Zarkadakis, however, disagrees. He points to what he sees as a fundamental flaw in Dennett’s argument: the idea that the world and the universe can be reduced into computations. Zarkadakis believes that in order for artificial intelligence to make any kind of significant progress in the coming years, we must instead accept the premise that complexity arises from simplicity: This is an idea that emerges from cybernetics, which is the science of communication and control in animals, humans and machines. Cybernetic theory tries to explain how complex systems can exhibit new kinds of behaviours that do not exist in their individual parts but that emerge through combination and synergy.
“Robotics and computing control theory all come from this central idea”, Zarkadakis says. Cybernetics, deriving from the Greek word for steersman (kybernetes), was originally introduced by the mathematician Norbert wiener in the 1940s and may be seen as an outdated scientific theory today, but according to Zarkadakis, it’s still one of the most insightful and ambitious scientific syntheses of all time.
So what makes him so sure? “Well one of the major discoveries of neuroscience — when it comes to consciousness — is that our brains resemble a cybernetic system,” says Zarkadakis. “This is not a surprise: it’s been a basic assumption about the brain since the beginning. It’s just that neuroscience now confirms this theory”.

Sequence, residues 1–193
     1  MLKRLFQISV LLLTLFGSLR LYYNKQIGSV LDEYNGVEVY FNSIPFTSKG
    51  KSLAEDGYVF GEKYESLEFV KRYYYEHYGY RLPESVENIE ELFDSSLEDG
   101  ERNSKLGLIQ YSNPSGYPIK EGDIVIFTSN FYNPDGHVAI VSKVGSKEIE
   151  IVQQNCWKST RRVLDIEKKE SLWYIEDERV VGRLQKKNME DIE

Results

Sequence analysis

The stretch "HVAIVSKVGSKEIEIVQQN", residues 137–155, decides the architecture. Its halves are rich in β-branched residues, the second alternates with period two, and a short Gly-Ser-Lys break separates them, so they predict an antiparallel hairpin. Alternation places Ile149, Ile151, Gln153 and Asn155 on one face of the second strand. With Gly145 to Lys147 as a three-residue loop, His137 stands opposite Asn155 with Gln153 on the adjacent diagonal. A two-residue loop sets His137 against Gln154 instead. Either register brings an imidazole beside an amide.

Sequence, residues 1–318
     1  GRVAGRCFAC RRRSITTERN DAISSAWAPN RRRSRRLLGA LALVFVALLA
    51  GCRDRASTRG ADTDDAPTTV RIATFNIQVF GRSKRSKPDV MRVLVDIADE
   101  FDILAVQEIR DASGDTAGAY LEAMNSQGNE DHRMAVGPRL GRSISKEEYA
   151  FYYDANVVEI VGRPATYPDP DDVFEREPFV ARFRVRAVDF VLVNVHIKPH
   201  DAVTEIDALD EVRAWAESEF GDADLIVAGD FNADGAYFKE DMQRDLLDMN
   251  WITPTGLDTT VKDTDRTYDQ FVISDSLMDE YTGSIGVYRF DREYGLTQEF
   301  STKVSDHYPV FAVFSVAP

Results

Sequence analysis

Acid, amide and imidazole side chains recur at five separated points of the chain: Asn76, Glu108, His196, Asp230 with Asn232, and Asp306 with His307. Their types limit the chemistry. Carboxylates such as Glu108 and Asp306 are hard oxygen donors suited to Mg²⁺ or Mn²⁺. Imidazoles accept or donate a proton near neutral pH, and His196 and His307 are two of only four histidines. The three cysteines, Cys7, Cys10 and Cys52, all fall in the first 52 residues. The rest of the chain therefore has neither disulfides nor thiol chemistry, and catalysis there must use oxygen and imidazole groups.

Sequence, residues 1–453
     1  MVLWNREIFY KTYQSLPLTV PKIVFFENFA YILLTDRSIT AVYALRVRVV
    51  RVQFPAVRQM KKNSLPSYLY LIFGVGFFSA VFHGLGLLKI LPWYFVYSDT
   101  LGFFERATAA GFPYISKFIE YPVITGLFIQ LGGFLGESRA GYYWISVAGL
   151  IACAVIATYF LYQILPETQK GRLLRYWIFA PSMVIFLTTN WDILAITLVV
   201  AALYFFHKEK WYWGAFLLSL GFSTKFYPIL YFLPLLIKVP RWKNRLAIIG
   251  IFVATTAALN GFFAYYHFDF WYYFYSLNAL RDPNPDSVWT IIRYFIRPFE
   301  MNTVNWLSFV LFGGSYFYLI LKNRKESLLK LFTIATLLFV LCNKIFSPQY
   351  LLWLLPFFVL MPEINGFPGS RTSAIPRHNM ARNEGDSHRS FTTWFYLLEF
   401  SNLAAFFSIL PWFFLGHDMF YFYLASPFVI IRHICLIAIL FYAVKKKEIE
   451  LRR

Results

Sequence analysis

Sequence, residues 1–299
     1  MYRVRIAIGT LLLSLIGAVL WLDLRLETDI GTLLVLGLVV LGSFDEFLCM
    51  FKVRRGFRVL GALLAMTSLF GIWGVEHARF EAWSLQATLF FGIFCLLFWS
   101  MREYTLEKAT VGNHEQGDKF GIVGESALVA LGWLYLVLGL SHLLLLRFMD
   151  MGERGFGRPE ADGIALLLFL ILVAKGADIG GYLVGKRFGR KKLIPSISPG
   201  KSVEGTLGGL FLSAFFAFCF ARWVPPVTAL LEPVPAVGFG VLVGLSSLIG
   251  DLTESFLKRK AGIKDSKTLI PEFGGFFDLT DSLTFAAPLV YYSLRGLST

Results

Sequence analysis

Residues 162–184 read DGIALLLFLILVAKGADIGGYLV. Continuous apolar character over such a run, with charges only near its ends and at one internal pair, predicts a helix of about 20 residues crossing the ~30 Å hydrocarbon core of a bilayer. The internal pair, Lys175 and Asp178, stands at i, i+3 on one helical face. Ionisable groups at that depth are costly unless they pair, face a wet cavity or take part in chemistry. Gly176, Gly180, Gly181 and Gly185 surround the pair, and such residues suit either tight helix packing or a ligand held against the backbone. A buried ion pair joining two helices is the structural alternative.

Zarkadakis postulates that if we accept these neuroscientific results about the brain, then we really need to re-examine the way we build computers. “Right now, artificial intelligence is not based on how the different parts interact with each other”, he says. “Our computer technology is based on a completely different premise: that of logic, and on the premise of separation between hardware and software”. While technological power and capacity have increased exponentially over the last number of decades, many in the artificial intelligence industry have begun to lower their expectations of how advanced machines can actually become. During the late 1980s, when Zarkadakis was still completing his PhD, he says there was still a religious-like belief in the field that computers could become self-aware. However, since then the whole definition of AI has changed, he claims.